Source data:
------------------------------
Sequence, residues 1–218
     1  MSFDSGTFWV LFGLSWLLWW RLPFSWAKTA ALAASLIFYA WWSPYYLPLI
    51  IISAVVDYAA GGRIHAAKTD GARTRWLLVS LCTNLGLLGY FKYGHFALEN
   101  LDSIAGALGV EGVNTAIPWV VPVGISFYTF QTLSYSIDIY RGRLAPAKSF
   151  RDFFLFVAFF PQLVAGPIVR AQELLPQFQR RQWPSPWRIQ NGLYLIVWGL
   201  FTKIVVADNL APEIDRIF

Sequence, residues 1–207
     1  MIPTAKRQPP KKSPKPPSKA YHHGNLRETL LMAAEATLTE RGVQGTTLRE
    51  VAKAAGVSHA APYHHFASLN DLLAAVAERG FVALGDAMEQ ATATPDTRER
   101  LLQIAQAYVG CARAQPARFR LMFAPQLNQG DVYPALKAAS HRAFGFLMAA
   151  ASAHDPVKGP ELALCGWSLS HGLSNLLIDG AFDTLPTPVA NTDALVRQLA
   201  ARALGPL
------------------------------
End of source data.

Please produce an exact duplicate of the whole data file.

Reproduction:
Sequence, residues 1–218
     1  MSFDSGTFWV LFGLSWLLWW RLPFSWAKTA ALAASLIFYA WWSPYYLPLI
    51  IISAVVDYAA GGRIHAAKTD GARTRWLLVS LCTNLGLLGY FKYGHFALEN
   101  LDSIAGALGV EGVNTAIPWV VPVGISFYTF QTLSYSIDIY RGRLAPAKSF
   151  RDFFLFVAFF PQLVAGPIVR AQELLPQFQR RQWPSPWRIQ NGLYLIVWGL
   201  FTKIVVADNL APEIDRIF

Sequence, residues 1–207
     1  MIPTAKRQPP KKSPKPPSKA YHHGNLRETL LMAAEATLTE RGVQGTTLRE
    51  VAKAAGVSHA APYHHFASLN DLLAAVAERG FVALGDAMEQ ATATPDTRER
   101  LLQIAQAYVG CARAQPARFR LMFAPQLNQG DVYPALKAAS HRAFGFLMAA
   151  ASAHDPVKGP ELALCGWSLS HGLSNLLIDG AFDTLPTPVA NTDALVRQLA
   201  ARALGPL